I witnessed the test run of a recently unpackaged drone yesterday, I forget the model - pricey enough though.
As I watched the drone soar up into the sky, uncomfortably high into the sky, and then saw the images it was producing, I found myself feeling a mix of awe and dread. Awe at the potential of these things, for photography and almost every other field of art and science; and dread at the unstoppable surge of technology we find ourselves facing/riding/drowning in.
For example, this particular drone had been bought to use primarily at weddings. That's right, people are wanting drone footage at weddings now. It still seems pretty incredible the lengths, and costs, that people will go to for photos at their weddings, but now they're getting aerial shots like it was some kind of filmset. I guess that's what it is for many.
Speaking of filmsets, drones and apocalyptic scenes. I recently watched this video (see below) of the destruction of Homs, Syria. Again, another strange mix of feelings. I was impressed and shocked by the scale of the destruction and by this new form of viewing what are effectively battlegrounds, but I also found myself taking a sort of voyeuristic pleasure from the beautiful Hollywood-style sweeping shot of this carnage, similar to how I felt watching the twin towers fall or the tsunami hit. It's that strange "it feels like a movie" feeling.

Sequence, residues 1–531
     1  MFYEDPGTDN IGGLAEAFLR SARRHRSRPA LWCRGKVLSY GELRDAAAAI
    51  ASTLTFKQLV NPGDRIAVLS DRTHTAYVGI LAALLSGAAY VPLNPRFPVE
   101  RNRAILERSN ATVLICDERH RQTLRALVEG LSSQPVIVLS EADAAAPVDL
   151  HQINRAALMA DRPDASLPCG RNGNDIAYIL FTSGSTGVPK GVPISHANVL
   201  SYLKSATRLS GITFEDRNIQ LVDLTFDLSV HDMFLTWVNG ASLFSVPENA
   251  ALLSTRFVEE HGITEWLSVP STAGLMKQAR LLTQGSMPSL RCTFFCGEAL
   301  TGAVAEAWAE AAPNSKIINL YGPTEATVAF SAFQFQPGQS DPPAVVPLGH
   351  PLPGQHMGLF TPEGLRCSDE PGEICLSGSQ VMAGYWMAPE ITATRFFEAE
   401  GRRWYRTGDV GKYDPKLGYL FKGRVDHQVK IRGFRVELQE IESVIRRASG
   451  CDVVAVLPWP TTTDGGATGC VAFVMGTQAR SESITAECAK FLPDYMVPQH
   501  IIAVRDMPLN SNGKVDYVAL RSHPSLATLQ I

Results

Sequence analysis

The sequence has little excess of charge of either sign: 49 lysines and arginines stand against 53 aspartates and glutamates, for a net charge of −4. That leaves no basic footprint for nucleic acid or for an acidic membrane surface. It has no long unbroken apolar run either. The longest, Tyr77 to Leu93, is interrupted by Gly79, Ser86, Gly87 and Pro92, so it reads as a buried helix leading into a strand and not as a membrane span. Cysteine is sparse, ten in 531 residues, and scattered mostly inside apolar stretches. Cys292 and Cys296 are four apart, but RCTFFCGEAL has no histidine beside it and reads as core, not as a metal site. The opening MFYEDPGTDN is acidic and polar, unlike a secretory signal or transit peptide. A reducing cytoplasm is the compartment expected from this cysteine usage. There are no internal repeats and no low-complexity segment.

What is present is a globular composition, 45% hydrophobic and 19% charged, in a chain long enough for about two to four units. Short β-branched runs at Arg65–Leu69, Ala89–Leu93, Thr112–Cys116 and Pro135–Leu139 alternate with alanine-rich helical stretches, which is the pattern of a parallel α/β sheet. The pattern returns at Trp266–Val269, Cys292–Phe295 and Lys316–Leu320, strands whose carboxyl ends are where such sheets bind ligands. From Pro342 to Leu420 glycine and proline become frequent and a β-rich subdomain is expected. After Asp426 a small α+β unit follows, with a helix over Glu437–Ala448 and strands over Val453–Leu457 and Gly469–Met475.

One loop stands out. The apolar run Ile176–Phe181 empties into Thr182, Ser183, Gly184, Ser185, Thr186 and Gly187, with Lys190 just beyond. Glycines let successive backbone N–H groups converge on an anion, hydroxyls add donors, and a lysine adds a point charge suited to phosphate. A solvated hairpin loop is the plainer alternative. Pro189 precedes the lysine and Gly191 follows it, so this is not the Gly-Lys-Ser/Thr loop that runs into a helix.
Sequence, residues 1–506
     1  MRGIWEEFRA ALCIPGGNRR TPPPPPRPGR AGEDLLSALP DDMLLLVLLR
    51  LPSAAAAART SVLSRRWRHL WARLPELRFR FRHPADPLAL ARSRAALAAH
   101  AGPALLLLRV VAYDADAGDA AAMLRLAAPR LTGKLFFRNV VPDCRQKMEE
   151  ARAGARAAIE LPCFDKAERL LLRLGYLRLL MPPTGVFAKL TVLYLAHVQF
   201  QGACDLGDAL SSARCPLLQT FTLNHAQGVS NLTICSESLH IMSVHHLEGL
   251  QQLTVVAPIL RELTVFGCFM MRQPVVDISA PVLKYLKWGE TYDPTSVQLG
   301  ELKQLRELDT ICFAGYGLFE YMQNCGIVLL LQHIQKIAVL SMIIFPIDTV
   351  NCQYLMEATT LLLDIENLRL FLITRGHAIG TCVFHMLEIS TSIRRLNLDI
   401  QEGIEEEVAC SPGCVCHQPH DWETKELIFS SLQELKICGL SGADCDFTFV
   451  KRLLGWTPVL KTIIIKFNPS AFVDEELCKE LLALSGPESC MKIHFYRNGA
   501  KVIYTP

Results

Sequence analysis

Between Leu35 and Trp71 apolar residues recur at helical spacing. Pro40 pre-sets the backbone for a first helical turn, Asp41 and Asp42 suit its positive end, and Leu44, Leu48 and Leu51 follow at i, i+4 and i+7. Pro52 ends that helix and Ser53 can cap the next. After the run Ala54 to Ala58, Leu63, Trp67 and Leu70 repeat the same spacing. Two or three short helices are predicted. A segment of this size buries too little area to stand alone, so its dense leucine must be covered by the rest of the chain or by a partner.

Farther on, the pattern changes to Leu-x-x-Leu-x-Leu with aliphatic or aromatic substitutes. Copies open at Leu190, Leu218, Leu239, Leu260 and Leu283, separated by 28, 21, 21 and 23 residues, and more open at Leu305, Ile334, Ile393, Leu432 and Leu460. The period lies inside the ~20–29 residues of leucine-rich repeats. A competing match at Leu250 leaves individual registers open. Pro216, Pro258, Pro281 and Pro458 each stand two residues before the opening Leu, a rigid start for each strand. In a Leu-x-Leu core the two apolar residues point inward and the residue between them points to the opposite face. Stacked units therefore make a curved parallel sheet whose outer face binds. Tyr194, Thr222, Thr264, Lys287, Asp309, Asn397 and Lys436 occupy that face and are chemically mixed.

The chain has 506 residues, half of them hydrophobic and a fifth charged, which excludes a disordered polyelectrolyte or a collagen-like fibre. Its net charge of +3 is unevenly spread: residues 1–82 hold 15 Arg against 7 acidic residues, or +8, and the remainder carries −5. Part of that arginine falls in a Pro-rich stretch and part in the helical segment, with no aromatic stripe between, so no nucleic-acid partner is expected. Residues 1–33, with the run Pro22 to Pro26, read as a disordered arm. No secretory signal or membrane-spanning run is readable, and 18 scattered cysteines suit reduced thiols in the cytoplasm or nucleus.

The jury's still out on drones but whether I accept them or not, they're here to stay.
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